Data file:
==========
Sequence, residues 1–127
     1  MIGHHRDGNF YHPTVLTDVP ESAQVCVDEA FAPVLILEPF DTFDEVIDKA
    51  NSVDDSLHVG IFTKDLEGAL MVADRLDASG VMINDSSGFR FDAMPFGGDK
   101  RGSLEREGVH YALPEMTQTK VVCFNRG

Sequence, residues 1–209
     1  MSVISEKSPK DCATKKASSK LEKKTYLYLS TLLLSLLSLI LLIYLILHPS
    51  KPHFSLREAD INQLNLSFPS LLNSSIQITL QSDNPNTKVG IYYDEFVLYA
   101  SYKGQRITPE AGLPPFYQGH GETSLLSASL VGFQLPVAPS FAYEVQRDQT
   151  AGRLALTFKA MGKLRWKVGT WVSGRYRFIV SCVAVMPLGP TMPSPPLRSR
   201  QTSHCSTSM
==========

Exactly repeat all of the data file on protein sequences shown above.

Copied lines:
Sequence, residues 1–127
     1  MIGHHRDGNF YHPTVLTDVP ESAQVCVDEA FAPVLILEPF DTFDEVIDKA
    51  NSVDDSLHVG IFTKDLEGAL MVADRLDASG VMINDSSGFR FDAMPFGGDK
   101  RGSLEREGVH YALPEMTQTK VVCFNRG

Sequence, residues 1–209
     1  MSVISEKSPK DCATKKASSK LEKKTYLYLS TLLLSLLSLI LLIYLILHPS
    51  KPHFSLREAD INQLNLSFPS LLNSSIQITL QSDNPNTKVG IYYDEFVLYA
   101  SYKGQRITPE AGLPPFYQGH GETSLLSASL VGFQLPVAPS FAYEVQRDQT
   151  AGRLALTFKA MGKLRWKVGT WVSGRYRFIV SCVAVMPLGP TMPSPPLRSR
   201  QTSHCSTSM